If you’ve winced at the sight of a ball coming down on a young soccer player’s head, new guidelines from the U.S. Soccer Federation (USSF) won’t surprise you. Heading the ball is too dangerous for players under age 11, the federation made known in early November, and players ages 11-13 should attempt it only during practice.
Sports medicine doctor Bianca Edison, M.D., believes young athletes need to watch out for another big hazard: collisions. Edison is an attending physician at the Children’s Orthopedic Center at Children’s Hospital Los Angeles and works with the L.A. Galaxy soccer team, the L.A. Kings Youth Hockey League and local AYSO affiliates. She points to a July study in JAMA Pediatrics that found player-to-player collisions caused more concussions that heading did, and recommends teaching young players to continually screen the field so that they are aware of where teammates and opposing players are.
Edison says some neck exercises are also in order, as strong neck and trunk muscles can help keep the head stable, reducing the risk of concussion. First, stretch the trapezius muscles (they extend over the back of the neck and shoulders) by sitting up straight and using one hand against the opposite side of the head to gently bring the head to the side. Next, lying prone with a small towel rolled under the forehead, gently raise the head and neck and hold in that position. “I would love to see these sorts of exercises implemented in elementary P.E. classes,” Edison says.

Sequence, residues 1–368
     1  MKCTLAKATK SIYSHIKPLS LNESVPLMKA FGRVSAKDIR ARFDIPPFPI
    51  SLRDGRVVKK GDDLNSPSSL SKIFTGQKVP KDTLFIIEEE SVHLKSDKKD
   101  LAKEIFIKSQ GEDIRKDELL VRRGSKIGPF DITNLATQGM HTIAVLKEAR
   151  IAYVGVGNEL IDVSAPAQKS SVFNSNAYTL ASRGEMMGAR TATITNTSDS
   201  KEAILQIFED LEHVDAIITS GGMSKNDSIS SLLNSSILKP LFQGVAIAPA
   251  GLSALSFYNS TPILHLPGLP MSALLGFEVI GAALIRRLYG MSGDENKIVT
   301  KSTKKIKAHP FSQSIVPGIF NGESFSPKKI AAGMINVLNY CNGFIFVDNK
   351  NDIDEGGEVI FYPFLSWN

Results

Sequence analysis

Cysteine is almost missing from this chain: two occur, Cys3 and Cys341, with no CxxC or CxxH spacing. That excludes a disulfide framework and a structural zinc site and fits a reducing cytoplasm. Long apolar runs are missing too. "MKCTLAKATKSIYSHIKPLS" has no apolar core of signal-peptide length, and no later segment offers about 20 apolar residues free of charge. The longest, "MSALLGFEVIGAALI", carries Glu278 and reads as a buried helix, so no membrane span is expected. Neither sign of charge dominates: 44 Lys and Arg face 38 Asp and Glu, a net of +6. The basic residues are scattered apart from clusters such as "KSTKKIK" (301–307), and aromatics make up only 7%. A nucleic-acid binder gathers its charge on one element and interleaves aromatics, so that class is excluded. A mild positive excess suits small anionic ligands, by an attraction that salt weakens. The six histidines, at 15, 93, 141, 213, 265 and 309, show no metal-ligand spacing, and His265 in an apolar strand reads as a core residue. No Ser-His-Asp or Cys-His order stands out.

When players are ready to attempt heading, technique is key. Players should bring the head up to the ball (using those strengthened neck muscles), rather than letting the ball come down onto the head. “Instead of just using your head to hit the ball, you actually use your whole body,” Edison says. “At all times as a player, you want to be in control.” Drilling with a lighter ball, such as a beach ball or Nerf ball, lets players focus on technique without worrying about impact.
Kids who experience a blow to the head during a game or practice should be evaluated for signs of concussion, which include headache, dizziness, nausea, light and sound sensitivity (your child might complain about the lights at a night game, or loud music or crowd noise), decreased energy and difficulty concentrating.
Under the new USSF guidelines, players can be pulled off the field during a game to be evaluated without costing their team a substitution. And Edison says it is important that young players understand that playing while injured means risking more severe damage that could take them out of the game permanently. “The strongest athlete is the smartest athlete, who knows when to say when,” she says. “It’s so crucial to protect that brain.”